No such thing, in toasters. I’ve had cheap, I’ve had expensive, and without exception they all fail to toast both sides equally after some time (usually not that long).

I have accepted the fact that toasters are generally inefficient and I wish someone would start producing the fully manual drop-side toaster again. You can get them on ebay at a ridiculous premium. The designs of some left a lot to be desired and were quite dangerous, but the one we had when I was a kid was excellent. Wider at the base than the top, so it did not fall over when a side was dropped. It really is no great effort to stand by and turn the toast over when it has reached the desired amount of toasted. We (as a society) have become bone lazy.


Are you saying your toaster is not motorised down and up? :rofl:

I miss them also. Not only would they toast properly, they would keep a few slices warm.


We’ve updated our toaster review for 2020 (member content).


Or there is also the universal toast any size or thickness toaster. Most of us have at least one. Ours is a gas powered under bench grill. I think they function pretty well. Not so sure about the electric versions that come with ovens, or cooktops.

I posted a link previously to an example of a Japanese toaster oven that fits well on any bench top and with some style. Not available retail in Oz AFAIK?

It had a built in timer, and although a little under powered (slower) it was very versatile. First hand experience.

I’m not sure we are all bone lazy? Time poor and impatient might be an alternate explanation. Other’s may simply not appreciate the art of toasting bread sufficiently to value the outcome.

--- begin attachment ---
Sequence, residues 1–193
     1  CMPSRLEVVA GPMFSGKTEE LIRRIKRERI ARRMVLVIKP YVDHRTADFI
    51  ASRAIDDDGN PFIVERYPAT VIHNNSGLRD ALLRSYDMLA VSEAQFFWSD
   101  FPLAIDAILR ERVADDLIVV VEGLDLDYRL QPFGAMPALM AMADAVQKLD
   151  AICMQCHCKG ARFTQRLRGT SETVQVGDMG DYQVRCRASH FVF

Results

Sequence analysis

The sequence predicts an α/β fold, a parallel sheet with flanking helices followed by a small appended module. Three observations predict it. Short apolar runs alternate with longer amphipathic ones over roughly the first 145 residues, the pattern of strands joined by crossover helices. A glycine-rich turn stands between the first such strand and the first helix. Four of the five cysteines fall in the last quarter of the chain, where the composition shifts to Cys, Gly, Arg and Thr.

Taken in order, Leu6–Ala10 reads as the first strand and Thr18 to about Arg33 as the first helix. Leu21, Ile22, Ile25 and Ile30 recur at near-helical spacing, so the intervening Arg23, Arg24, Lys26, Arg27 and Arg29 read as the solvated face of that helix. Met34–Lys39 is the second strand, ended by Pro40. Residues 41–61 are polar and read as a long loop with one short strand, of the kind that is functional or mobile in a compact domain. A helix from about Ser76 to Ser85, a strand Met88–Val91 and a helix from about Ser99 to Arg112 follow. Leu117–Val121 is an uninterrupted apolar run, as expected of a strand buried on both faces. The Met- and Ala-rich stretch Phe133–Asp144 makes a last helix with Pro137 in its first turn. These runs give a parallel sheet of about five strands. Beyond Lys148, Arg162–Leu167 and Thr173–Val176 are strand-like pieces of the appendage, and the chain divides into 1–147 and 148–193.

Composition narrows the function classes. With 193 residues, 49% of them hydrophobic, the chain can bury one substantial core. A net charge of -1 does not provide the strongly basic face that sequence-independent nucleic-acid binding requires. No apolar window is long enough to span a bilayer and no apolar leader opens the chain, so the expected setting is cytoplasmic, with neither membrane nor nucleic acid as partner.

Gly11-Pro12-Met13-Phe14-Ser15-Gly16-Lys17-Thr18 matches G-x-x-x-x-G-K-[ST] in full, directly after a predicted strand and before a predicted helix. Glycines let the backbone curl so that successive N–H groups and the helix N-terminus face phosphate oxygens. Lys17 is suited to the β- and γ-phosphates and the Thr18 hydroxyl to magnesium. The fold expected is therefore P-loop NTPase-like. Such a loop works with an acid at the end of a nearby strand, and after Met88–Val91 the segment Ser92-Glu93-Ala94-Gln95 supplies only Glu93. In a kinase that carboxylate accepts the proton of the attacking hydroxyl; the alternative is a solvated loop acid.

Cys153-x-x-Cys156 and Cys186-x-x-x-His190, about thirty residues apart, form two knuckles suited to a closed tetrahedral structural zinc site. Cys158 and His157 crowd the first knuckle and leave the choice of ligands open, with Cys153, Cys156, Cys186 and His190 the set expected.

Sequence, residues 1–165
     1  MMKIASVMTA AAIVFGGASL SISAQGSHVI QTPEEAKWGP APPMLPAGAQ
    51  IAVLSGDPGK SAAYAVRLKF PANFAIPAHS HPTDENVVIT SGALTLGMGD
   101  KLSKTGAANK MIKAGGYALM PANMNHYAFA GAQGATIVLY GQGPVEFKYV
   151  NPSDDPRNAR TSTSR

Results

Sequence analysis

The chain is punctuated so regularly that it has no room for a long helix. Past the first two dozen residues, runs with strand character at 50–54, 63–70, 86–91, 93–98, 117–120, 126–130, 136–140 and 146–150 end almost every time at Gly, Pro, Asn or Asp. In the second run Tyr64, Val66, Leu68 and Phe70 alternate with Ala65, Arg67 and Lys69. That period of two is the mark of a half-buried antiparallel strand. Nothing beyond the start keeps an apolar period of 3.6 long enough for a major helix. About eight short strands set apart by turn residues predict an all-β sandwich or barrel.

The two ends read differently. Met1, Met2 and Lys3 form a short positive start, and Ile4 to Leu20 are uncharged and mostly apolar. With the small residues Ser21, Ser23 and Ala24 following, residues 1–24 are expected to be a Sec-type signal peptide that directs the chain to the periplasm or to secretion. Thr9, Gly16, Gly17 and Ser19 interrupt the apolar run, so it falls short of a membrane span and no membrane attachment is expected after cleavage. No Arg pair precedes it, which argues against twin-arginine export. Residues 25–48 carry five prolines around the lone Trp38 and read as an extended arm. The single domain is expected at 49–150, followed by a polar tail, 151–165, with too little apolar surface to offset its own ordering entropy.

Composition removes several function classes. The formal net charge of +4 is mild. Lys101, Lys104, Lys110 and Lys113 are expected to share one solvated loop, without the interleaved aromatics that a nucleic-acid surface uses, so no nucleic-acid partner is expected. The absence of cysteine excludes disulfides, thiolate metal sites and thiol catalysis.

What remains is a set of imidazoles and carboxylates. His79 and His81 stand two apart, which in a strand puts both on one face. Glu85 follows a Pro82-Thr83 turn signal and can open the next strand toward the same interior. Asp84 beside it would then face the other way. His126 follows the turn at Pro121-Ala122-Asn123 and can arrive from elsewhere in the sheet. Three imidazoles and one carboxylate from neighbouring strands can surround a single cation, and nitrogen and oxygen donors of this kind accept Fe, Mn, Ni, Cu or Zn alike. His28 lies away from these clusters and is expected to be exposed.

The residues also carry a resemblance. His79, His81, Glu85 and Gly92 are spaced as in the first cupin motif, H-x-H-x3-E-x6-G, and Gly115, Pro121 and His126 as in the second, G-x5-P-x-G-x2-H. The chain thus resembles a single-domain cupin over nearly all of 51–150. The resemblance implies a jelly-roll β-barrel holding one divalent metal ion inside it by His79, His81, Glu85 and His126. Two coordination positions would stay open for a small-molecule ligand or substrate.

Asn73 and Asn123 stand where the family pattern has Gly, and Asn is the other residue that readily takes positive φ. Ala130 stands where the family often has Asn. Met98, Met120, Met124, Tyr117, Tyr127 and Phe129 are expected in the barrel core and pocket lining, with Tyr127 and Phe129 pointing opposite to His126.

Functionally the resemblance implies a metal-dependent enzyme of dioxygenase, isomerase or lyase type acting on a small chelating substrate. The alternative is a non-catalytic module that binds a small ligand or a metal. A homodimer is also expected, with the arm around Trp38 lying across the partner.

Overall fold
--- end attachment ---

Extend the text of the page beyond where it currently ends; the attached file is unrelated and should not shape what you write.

Mine lasted about 15 years…loved it, but from the more recent reviews I’ve read, I don’t think they are made the same anymore!


Here are some cheaper toasters that performed just as well as far more expensive models in our tests:


Ok bad dad joke coming:

You could get really browned off by some of those prices.

But honestly over $200 dollars to brown the bread a little or a lot? Wow just Wow!!! Even on the cheaper comparisons the price difference was staggering. Thankfully CHOICE picked the choisest fruit from the bunch to help us get value for money.

Oh for an olden day Sunbeam Flip door toaster…rock solid performance. Comparisons with modern day devices in longevity, build quality, and as long as you watched it the perfect amount of colour achieved to one’s desire show to me a trend to entice more spending for less outcome.


The correlation between the Choice score and price is 0.33, that is about one third of the price variation is explained by the quality, ie there is not much relationship between the two at all. I did the same test on electric kettles and the correlation was 0.11 - negligible correlation (none would be zero).

These results are not perfect. For example most buyers would be concerned about durability but Choice has not included that in the score. It may be that some of those pricey toasters last much longer than the cheap ones - or not. Lacking any solid data we have no idea.

It must be something about small appliances that looks, bells and whistles and fanciful pricing dominate. Given that some of these items only last a few years this is all the more reason to read Choice rather than go to the retailer and pick one at random or the one the salesperson pushes.